2016 Syllabus (Home Page)
Course Guide Information:
|Listing:||DY SCI 272|
|Date/Time:||Thursdays, 1:20 pm to 2:10 pm|
|Location:||134 Animal Sciences Building|
|Instructor:||Kent Weigel email: firstname.lastname@example.org|
|Description:||In this course, students develop individualized four-year course plans, learn about internships and job opportunities, and discuss leadership development opportunities. Students learn about, and prepare for, active and independent learning from juniors and seniors who have successfully completed independent learning projects including internships, senior seminars and other "capstone" experiences. Intended for prospective or declared Dairy Science majors in their first year or who have not completed Dy Sci 399 - Internship.
|Students:||Please click the "Class Roster" link on the left|
The ultimate goal of this seminar is to help students identify and pursue valuable out-of-classroom experiences, thereby becoming better independent learners, while exploring and preparing for potential career opportunities. In particular, the pre-capstone seminar is to help dairy science students to become more aware of:
- The availability of independent and experiential learning opportunities (e.g., independent study, undergraduate research, internships, study abroad);
- The steps involved in developing and (or) preparing for these opportunities;
- The skills needed to maximize the educational benefits derived from independent learning (including report writing skills and oral presentation skills).
- Realizes the importance of taking an active role in sharpening his/her critical thinking and leadership skills;
- Takes the lead in developing an internship plan that fits his/her needs and interests while allowing exploration of possible career objectives;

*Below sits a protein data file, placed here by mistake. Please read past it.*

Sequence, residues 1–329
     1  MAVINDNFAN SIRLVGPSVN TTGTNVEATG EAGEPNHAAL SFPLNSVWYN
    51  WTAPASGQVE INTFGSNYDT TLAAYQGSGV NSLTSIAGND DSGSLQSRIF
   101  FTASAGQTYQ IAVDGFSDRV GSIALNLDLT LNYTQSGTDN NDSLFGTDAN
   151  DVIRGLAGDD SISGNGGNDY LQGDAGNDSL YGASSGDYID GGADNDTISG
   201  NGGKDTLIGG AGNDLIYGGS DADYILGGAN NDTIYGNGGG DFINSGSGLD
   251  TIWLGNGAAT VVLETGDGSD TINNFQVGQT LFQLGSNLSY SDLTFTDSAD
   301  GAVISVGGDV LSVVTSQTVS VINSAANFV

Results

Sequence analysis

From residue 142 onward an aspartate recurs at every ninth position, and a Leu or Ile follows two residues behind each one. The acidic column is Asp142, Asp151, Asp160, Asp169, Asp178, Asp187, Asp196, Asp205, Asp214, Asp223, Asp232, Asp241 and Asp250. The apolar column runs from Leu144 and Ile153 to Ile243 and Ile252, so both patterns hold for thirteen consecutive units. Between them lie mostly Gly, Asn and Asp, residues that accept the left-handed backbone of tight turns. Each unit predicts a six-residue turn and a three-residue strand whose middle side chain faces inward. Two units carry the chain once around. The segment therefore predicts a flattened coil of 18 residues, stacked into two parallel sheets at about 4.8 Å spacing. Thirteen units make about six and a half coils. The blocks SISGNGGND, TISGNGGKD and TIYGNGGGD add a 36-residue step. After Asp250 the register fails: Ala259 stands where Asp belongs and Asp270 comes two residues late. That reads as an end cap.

- Become more aware of the skills needed to succeed as an individual learner or team learner.
The pre-capstone is a weekly seminar series. Dairy science students should start thinking about internships during the first year and learn more about other independent learning experiences they may wish to consider before graduating. An internship (Dy Sci 399) is a capstone requirement for students in the Dairy Science major.
Pre-capstone speakers are primarily juniors and seniors who are willing to share their experiences in internships (Dy Sci 399), formal capstone experiences (Dy Sci 535), and other out-of-classroom independent learning experiences (e.g., 375 study tours or study abroad).
The seminar is about taking advantage of opportunities during your college experience. In planning your required internship (Dy Sci 399) many opportunities are available. In addition, students can participate in of independent study projects (Dy Sci 299 or Dy Sci 699), which involve undergraduate research or independent learning activities carried out under the supervision of a faculty advisor. Students can earn credits toward graduation by doing "special things" that match their interests, and they should start planning for these opportunities in their first year.
The seminar is also about helping you understand some of the differences between a freshman and a senior. Over the course of a student’s undergraduate program, expectations of their instructors and their role as a student change dramatically. The pre-capstone seminar will help the transition from the passive, lecture-based courses to increasingly independent work and out-of-classroom experiences in the latter years of the undergraduate program. The pre-capstone seminar was designed to improve students’ readiness for courses such as Dy Sci 399 (Internship) and Dy Sci 535 (Dairy Farm Management Practicum), which share common educational objectives of (1) developing students’ decision-making skills and (2) taking the learning process in the student’s own hands.
What am I expected to do in the pre-capstone course?
- To attend and participated actively by taking notes and/or asking questions;